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The phenotype/genotype team, left to right:
Herbert Meltzer, M.D., Stephan Heckers, M.D.,
and Richard Shelton, M.D.

If you come into an ER with chest pain and shortness of breath – a suspected heart attack – a diagnostic engine fires.

From a tube of your blood, the lab runs a quick panel of tests that can detect the telltale molecular markers of a heart attack. Electrodes applied to your chest may reveal an irregular heart rhythm. And imaging scans might show if there is a dangerous blockage of one of your arteries.

These tests provide clinicians evidence of the medical problem at hand and, with the results, the physician has a better grasp on the necessary course of treatment.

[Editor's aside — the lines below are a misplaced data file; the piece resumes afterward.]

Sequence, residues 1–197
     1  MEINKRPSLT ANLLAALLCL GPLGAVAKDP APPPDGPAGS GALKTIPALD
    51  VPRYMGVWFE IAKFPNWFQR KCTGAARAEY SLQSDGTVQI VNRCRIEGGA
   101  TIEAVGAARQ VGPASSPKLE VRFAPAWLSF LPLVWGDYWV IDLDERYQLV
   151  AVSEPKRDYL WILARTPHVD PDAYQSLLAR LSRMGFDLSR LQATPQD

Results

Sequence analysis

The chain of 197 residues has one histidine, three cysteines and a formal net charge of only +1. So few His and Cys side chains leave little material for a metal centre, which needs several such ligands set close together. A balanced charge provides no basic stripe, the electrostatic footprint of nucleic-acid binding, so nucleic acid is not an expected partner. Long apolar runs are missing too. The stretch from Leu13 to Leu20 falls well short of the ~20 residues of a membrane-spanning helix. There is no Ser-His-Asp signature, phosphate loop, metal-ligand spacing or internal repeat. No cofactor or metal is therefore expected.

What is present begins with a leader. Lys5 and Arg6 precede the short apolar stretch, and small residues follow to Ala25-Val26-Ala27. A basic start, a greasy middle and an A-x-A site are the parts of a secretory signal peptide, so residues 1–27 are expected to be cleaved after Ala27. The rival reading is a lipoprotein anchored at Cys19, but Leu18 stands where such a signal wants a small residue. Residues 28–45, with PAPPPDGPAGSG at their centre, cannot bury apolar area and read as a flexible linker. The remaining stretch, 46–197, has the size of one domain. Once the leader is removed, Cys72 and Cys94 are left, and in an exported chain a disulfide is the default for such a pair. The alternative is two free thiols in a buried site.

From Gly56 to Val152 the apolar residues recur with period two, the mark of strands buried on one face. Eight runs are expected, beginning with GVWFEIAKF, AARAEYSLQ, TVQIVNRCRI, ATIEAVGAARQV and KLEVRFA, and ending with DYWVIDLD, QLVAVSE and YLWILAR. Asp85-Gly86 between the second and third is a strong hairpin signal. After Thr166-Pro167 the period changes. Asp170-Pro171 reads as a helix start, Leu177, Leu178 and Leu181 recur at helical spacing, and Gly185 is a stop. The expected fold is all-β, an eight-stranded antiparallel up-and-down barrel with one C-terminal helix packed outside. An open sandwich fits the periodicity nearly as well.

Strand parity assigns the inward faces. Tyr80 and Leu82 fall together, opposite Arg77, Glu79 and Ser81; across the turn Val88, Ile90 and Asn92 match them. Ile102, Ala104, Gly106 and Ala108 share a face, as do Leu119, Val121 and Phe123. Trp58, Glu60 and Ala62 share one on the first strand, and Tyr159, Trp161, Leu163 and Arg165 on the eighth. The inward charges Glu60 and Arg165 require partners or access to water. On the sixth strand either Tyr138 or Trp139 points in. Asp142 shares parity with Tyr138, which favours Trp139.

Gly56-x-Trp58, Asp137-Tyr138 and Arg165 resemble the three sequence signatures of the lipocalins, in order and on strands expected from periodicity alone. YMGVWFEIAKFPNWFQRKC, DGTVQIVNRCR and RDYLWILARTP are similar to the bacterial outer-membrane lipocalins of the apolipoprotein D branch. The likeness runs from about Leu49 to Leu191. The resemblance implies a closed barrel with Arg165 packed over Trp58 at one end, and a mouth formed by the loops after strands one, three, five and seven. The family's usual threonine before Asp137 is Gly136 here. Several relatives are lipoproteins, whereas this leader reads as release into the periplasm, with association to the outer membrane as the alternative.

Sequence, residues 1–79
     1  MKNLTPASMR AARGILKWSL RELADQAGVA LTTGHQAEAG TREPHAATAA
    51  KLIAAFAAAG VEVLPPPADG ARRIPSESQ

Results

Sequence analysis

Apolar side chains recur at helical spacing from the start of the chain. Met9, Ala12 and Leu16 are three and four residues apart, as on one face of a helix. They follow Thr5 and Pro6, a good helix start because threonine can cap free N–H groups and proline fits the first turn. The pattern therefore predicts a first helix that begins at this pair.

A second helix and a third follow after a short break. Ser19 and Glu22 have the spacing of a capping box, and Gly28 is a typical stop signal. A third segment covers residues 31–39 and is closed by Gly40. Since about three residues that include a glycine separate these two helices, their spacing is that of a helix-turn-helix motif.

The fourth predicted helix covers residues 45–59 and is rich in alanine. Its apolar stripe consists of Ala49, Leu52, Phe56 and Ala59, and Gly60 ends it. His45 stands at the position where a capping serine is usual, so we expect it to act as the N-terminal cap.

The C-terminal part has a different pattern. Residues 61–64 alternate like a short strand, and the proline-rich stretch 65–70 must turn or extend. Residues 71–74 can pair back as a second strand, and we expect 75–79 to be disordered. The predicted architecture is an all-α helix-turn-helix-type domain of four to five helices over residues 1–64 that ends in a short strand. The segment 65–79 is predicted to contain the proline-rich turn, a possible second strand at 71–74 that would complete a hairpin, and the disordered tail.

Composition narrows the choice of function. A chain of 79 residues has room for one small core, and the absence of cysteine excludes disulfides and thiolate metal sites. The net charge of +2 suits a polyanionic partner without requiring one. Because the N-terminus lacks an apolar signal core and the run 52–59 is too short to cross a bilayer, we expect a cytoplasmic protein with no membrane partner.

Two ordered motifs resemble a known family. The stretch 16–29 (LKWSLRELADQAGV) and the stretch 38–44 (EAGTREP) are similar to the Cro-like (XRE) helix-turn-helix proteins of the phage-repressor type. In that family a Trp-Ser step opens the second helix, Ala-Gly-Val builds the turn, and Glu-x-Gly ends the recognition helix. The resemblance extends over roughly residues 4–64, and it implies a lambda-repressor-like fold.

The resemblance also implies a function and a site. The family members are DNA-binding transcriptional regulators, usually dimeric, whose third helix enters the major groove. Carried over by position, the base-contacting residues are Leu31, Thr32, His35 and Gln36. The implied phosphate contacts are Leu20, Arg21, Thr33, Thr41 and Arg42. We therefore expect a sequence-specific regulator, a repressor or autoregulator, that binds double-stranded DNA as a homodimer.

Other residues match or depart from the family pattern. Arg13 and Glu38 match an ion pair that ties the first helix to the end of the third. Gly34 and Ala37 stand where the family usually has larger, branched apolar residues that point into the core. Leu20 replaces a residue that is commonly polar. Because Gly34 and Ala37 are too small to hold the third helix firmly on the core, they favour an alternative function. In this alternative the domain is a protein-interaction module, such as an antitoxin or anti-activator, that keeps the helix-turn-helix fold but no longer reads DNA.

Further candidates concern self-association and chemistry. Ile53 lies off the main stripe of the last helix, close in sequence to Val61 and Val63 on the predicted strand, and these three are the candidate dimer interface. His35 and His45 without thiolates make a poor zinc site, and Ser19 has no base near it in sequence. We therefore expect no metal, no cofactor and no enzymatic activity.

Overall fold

But for a patient with symptoms of mental illness – mood changes, fatigue, insomnia, hallucinations, delusions, lack of interest in usual activities – there are no scans, no blood tests that can aid in the psychiatric evaluation. Diagnosis and choice of treatment rely solely on clinical symptoms and medical history.

A new project at Vanderbilt Medical Center hopes to change that by applying the tools of neuroscience research – specifically, neuroimaging and genetics – to identify “tests” that may aid in the diagnosis and treatment of psychiatric illness.  continued>>

WRITTEN BY MELISSA MARINO
PHOTOGRAPHY BY DEAN DIXON
ILLUSTRATION BY SUE MOBERLY/ WELLCOME IMAGES
 
 

Psychiatry research
goes back to basics

   
 
 
 
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